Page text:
Self-organized hexagons in light transmitted by an ensemble of cold Rb atoms in presence of feedback by a plane mirror
Self-organized hexagons in light transmitted by an ensemble of cold Rb atoms in presence of feedback by a plane mirror. Credits: Pedro Gomes, Ivor Kresic, Paul Griffin, Aidan Arnold, Thorsten Ackemann, Experimental Quantum Optics and Photonics Group, University of Strathclyde

An international team of scientists have today announced the first-ever detection of gravitational waves. The discovery confirms a major prediction of Albert Einstein’s 1915 general theory of relativity, and was made possible by British and German advances in technology.

“This is a monumental leap forward for physics and astrophysics – taking Einstein’s predictions and turning them into an entirely new way to sense some of the most fascinating objects in our Universe,” said Professor Sheila Rowan, Director of the University of Glasgow’s Institute for Gravitational Research, and a member of the discovery team.

 The gravitational waves were detected on 14 September 2015 at 09:51 UK time by both LIGO (Laser Interferometer Gravitational-wave Observatory) detectors in Louisiana and Washington state in the US. They originated from two black holes, each around 30 times the mass of the Sun and located more than 1.3 billion light years from Earth, coalescing to form a single, even more massive black hole.

The image shows a numerical-relativistc simulation created by the SXS (Simulating eXtreme Spacetimes) project.

 

Concept of the grating chip Magneto-Optical Trap (MOT)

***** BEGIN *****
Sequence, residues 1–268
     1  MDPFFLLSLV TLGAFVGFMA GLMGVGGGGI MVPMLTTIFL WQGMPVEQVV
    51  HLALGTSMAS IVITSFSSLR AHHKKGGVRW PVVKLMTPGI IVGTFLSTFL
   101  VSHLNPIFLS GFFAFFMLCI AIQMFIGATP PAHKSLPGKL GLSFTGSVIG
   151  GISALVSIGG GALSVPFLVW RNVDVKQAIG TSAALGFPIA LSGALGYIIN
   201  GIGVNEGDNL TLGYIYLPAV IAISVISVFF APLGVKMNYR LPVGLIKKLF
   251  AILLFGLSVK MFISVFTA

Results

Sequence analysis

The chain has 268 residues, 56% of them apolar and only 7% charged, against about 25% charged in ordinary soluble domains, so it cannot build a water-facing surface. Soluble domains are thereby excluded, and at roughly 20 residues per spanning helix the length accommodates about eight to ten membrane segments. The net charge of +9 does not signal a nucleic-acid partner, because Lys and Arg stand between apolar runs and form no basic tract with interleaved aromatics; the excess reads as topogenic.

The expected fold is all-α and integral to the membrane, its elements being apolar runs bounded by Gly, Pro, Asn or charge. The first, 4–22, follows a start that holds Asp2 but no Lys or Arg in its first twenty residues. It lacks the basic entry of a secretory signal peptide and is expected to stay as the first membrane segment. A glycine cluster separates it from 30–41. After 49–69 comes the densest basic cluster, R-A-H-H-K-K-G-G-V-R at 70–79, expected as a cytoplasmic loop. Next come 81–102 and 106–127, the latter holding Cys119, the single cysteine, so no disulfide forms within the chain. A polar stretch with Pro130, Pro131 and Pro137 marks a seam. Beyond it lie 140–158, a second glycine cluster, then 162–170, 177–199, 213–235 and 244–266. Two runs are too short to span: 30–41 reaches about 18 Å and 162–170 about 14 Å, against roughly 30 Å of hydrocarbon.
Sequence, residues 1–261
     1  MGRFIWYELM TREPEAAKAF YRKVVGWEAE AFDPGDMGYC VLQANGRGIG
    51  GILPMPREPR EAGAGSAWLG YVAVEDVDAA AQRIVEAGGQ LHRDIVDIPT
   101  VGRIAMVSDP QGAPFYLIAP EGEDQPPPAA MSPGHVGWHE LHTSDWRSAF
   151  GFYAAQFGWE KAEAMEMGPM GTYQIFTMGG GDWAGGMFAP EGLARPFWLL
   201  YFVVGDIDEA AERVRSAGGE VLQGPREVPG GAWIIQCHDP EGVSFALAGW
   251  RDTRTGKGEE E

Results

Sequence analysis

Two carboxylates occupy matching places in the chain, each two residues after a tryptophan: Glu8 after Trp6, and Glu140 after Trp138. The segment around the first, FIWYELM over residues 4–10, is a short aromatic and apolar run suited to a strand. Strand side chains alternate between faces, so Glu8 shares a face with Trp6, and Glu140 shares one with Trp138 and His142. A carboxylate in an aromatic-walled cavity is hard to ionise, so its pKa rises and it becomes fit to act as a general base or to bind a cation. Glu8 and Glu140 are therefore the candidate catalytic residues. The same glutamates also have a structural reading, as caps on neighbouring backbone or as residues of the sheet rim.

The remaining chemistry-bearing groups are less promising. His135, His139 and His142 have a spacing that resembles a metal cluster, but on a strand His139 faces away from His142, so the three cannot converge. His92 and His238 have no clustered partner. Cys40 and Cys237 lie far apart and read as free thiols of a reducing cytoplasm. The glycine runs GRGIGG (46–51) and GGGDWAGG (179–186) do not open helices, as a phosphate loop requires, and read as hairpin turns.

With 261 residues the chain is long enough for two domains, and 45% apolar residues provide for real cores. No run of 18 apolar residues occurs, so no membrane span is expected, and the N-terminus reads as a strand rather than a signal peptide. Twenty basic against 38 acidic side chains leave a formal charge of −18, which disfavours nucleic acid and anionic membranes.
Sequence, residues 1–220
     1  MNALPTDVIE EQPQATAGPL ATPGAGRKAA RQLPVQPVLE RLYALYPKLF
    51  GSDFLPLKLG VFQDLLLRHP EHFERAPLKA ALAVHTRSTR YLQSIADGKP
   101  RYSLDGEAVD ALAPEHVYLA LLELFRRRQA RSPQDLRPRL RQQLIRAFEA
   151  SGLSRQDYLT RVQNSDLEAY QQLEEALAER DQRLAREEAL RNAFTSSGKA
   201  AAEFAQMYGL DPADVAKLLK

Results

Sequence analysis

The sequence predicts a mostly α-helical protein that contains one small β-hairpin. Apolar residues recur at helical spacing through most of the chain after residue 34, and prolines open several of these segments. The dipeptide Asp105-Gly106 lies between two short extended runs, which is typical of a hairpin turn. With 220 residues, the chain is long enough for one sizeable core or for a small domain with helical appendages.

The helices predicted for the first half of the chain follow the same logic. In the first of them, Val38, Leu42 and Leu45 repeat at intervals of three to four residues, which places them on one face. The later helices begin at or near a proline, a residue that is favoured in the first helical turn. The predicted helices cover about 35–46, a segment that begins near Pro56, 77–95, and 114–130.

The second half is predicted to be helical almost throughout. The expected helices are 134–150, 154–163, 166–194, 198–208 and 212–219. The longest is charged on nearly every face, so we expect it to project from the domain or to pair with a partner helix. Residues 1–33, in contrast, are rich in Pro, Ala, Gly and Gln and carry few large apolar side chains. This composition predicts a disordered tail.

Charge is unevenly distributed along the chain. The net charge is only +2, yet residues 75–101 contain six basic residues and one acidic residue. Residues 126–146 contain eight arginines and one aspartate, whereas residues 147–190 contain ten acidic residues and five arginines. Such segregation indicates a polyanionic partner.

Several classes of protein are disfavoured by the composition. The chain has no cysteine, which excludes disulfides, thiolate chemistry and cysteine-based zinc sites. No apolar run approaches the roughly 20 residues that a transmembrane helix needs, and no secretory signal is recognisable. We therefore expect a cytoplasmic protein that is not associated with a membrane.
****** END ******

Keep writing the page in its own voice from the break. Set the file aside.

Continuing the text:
Concept of the grating chip Magneto-Optical Trap (MOT). For more details see DOI: 10.1038/NNANO.2013.47 Credits: Aidan Arnold and collaborators, University of Strathclyde.
Magnetic structure imaged with a low temperature Scanning Tunneling Microscope. The insert shows the atomic scale magnetic structure
Magnetic structure imaged with a low temperature Scanning Tunneling Microscope. The insert shows the atomic scale magnetic structure.
 
PhD student Peter Kremer of the Quantum Photonics Lab operates a state-of-the-art electron beam lithography system to fabricate photonic structures with embedded quantum dots.
PhD student Peter Kremer of the Quantum Photonics Lab operates a state-of-the-art electron beam lithography system to fabricate photonic structures with embedded quantum dots.
PhD students Rima Al-Khuzheyri and Peter Kremer of the HWU Quantum Photonics Lab assemble a custom-built cryostat
PhD students Rima Al-Khuzheyri and Peter Kremer of the HWU Quantum Photonics Lab assemble a custom-built cryostat.
270° panorama of Glasgow 10m prototype lab and the ERC Speed-Meter experiment (vacuum tanks on the left).
270° panorama of Glasgow 10m prototype lab and the ERC Speed-Meter experiment (vacuum tanks on the left).
First fringes of the 1m in-air test Sagnac interferometer
First fringes of the 1m in-air test Sagnac interferometer
Control room of Glasgow 10m interferometer.
Control room of Glasgow 10m interferometer.